Are you a business that invests in your own business growth? If so, then the Chancellor has announced incentives that will benefit small and medişum sized businesses in particular. 

There is now an increase in the Small Business Investment Allowance to £1 million. 

Businesses can deduct the full value of any investment they make up to £1 million. These investments include things like specialised machinery needed for your company, IT investments, vehicle investments. Anything that helps your business function more effectively and grow.

The Small Business Investment Allowance will be in place for the next three years.

Depending on the nature of the SME you are running, you could also benefit further with another credit. If you spend more than 40% of your expenditure on research and development, you will get credit  worth £27 for every £100 you spend on that research and development. 

An encouragement for employers to invest in the success of their business.

Tax Free Allowance On Pensions Increased

The annual tax free allowance on pensions increased from £40,000 to £60,000. 

The £1 million cap on pensions before extra tax is added has also been scrapped. The Chancellor said that this is to encourage people like teachers and doctors to remain in the profession longer. 

This move was criticised by the ISF (Institute for Fiscal Studies) who say this move will have little, if any, impact on keeping people in work. 

The IFS say it will mean people can retire earlier rather than staying in work – having the opposite effect. 

Support For Energy Bills For A Further Three Months

The support for payment of energy bills will remaşn in place for a further three months. If you are an employer running an SME, you may be one of the people that are angry not to have more support with cutting energy bills or paying these bills. 

Many small businesses have ceased to trade over recent years with the increase in energy bills being cited as one of the reasons.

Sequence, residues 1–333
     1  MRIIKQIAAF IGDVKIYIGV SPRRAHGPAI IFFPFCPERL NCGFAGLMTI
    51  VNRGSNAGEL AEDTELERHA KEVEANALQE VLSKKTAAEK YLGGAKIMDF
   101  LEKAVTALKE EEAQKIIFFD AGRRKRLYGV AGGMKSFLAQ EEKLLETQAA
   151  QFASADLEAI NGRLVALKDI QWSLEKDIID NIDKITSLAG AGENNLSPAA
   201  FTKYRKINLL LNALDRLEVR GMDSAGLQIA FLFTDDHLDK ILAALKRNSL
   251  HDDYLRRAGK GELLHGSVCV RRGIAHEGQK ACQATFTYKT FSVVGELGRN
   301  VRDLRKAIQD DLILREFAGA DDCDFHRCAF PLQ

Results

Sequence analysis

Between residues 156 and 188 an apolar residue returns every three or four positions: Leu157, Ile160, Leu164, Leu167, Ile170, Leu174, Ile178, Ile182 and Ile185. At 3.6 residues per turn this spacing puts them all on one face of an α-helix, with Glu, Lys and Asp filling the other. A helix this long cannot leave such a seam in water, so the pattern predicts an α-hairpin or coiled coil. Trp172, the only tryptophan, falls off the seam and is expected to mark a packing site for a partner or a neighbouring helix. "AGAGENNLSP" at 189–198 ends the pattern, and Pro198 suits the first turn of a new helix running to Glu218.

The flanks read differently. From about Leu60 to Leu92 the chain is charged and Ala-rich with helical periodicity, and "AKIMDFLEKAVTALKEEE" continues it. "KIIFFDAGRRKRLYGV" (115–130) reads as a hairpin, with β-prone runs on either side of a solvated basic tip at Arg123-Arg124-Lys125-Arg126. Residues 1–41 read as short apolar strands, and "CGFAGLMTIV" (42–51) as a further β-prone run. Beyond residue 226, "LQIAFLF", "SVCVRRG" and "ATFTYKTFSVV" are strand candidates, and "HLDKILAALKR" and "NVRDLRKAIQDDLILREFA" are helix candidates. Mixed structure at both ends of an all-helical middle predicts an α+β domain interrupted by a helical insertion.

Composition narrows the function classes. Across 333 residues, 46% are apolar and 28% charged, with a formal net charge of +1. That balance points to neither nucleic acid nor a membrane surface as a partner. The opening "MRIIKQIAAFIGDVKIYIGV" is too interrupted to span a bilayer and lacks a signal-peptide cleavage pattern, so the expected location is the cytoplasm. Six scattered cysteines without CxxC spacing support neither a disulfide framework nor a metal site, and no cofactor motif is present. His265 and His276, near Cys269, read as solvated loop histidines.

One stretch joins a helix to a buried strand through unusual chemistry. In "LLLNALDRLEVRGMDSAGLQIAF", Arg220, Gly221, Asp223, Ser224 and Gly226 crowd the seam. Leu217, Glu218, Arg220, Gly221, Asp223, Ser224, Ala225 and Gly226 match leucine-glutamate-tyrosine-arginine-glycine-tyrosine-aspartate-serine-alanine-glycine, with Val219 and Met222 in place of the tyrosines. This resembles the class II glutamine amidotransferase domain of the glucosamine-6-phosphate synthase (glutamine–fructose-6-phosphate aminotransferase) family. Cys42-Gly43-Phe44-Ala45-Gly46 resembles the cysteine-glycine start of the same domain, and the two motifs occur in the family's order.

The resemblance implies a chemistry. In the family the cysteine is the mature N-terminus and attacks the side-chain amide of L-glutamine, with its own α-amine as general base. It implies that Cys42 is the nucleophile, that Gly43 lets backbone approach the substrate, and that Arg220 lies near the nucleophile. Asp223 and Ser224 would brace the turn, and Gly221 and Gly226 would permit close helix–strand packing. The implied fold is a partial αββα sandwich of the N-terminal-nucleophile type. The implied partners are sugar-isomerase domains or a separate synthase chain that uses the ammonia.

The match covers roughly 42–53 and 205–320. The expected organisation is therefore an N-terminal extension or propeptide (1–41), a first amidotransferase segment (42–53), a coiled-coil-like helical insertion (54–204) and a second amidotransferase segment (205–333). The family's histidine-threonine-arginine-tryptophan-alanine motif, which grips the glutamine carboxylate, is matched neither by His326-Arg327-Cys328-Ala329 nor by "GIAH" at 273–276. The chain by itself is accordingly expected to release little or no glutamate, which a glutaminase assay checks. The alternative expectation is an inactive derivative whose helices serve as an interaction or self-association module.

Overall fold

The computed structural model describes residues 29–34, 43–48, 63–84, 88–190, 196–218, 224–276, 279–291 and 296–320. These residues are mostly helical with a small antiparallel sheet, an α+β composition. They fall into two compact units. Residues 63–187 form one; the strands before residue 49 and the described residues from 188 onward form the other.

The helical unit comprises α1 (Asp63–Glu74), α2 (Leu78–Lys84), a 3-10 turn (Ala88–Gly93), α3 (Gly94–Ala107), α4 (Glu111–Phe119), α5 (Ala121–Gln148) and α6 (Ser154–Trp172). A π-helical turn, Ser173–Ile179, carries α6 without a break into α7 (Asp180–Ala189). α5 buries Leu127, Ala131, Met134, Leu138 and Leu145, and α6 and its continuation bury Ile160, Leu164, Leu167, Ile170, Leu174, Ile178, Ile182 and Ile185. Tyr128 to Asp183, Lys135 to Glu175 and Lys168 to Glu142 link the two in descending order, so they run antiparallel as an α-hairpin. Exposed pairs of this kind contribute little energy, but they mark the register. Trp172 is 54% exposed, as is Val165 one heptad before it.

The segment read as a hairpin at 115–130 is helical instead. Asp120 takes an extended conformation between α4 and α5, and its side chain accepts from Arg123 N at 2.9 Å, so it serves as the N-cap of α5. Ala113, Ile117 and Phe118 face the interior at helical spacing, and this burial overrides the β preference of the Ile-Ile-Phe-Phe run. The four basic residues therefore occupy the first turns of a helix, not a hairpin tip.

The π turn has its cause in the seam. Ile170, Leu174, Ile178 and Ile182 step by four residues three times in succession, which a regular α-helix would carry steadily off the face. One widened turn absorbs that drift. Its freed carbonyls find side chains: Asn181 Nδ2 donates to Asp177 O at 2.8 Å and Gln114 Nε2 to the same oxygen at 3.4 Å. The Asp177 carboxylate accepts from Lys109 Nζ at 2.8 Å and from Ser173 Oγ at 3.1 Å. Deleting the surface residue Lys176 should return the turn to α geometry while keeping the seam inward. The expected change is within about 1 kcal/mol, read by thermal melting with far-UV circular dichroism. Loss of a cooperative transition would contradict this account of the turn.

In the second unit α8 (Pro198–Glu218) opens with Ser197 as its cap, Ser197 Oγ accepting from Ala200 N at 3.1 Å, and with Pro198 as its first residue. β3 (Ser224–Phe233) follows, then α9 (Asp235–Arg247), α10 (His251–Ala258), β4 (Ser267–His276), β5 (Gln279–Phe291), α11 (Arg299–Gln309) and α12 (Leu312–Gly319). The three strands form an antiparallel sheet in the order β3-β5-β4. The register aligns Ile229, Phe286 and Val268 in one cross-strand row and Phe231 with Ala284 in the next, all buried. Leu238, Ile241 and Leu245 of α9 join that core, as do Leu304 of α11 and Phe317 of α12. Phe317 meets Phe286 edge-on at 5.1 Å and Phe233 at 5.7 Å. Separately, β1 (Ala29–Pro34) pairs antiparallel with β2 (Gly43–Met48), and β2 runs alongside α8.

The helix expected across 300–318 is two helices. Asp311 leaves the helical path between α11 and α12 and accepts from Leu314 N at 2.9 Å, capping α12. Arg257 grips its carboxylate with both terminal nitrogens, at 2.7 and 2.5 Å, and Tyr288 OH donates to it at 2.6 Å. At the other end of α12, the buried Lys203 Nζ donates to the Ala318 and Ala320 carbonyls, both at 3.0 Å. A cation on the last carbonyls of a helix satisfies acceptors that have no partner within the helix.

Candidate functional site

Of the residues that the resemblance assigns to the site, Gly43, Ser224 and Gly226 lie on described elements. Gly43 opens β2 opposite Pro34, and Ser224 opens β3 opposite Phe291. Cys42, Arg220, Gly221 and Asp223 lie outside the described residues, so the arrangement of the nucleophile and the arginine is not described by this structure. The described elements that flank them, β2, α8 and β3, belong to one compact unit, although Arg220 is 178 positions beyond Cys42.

10.1% Increase In Alcohol Tax But Frozen Tax On Draught To Help The ‘Great British Pub’

If you are an employer in the hospitality and catering sector, you will be only too aware of the struggles the sector is facing right now. 

The Chancellor announced a 10.1% increase on alcohol tax but also announced a tax freeze on draught beers in order to support the ‘Great British Pub.’ 

The duty on draught beer is now 11% lower than the duty for supermarkets to encourage people to return to drinking in pubs.

If you are operating in this industry, you will know whether this is going to help the ‘Great British pub’ or not. It is described as a ‘Draught Relief’  that wouldn’t have been possible had we still been in the EU. Part of a new ‘Brexit Pubs guarantee.’ 

£63 Million For Swimming Pools With A Leisure Centre 

The UKs public swimming pools are under threat and famous swimmers such as Rebecca Adlington have campaigned to save the pools, arguing that swimming is not just a sport but also an important life skill. She has criticised the government in the past for cuts that have put centres with pools at risk and has also opened her own centre.

The £63 million announced by the Chancellor is a support fund to help keep leisure centres with a public swimming pool going. 

If you are an employer in this sector, your public centre may benefit from this support. 

In Conclusion

The Budget announcement took place with a backdrop of strikes taking place across various professions so there is still work to be done to negotiate with respective unions to give those staff the salaries and working conditions they are looking for. 

As for his Budget announcement, Chancellor Jeremy Hunt said, “I deliver that today by removing obstacles that stop businesses investing, by tackling labour shortages that stop them recruiting, by breakşng down barriers that stop people working; and by harnessing British ingenuity to make us a science and technology superpower.”

Do you think the announcements made in the Spring Budget announcement will achieve this aim?